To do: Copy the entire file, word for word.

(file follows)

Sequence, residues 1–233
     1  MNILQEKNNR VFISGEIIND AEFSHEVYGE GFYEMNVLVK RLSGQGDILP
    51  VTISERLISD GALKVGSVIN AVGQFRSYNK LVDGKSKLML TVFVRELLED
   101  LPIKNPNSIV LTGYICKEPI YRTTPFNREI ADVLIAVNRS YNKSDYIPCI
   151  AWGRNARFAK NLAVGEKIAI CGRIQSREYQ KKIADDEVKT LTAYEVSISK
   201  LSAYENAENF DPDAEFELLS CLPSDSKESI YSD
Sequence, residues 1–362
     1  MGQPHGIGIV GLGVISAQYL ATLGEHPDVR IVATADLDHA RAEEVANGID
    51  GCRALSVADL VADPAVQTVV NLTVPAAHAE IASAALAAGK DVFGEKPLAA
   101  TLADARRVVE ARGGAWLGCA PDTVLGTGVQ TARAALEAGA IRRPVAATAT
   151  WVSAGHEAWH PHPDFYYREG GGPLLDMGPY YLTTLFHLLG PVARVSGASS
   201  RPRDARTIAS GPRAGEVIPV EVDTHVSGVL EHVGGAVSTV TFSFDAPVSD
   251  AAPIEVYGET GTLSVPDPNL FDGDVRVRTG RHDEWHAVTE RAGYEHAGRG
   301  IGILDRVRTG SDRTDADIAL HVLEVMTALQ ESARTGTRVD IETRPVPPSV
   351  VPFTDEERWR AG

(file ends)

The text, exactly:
Sequence, residues 1–233
     1  MNILQEKNNR VFISGEIIND AEFSHEVYGE GFYEMNVLVK RLSGQGDILP
    51  VTISERLISD GALKVGSVIN AVGQFRSYNK LVDGKSKLML TVFVRELLED
   101  LPIKNPNSIV LTGYICKEPI YRTTPFNREI ADVLIAVNRS YNKSDYIPCI
   151  AWGRNARFAK NLAVGEKIAI CGRIQSREYQ KKIADDEVKT LTAYEVSISK
   201  LSAYENAENF DPDAEFELLS CLPSDSKESI YSD
Sequence, residues 1–362
     1  MGQPHGIGIV GLGVISAQYL ATLGEHPDVR IVATADLDHA RAEEVANGID
    51  GCRALSVADL VADPAVQTVV NLTVPAAHAE IASAALAAGK DVFGEKPLAA
   101  TLADARRVVE ARGGAWLGCA PDTVLGTGVQ TARAALEAGA IRRPVAATAT
   151  WVSAGHEAWH PHPDFYYREG GGPLLDMGPY YLTTLFHLLG PVARVSGASS
   201  RPRDARTIAS GPRAGEVIPV EVDTHVSGVL EHVGGAVSTV TFSFDAPVSD
   251  AAPIEVYGET GTLSVPDPNL FDGDVRVRTG RHDEWHAVTE RAGYEHAGRG
   301  IGILDRVRTG SDRTDADIAL HVLEVMTALQ ESARTGTRVD IETRPVPPSV
   351  VPFTDEERWR AG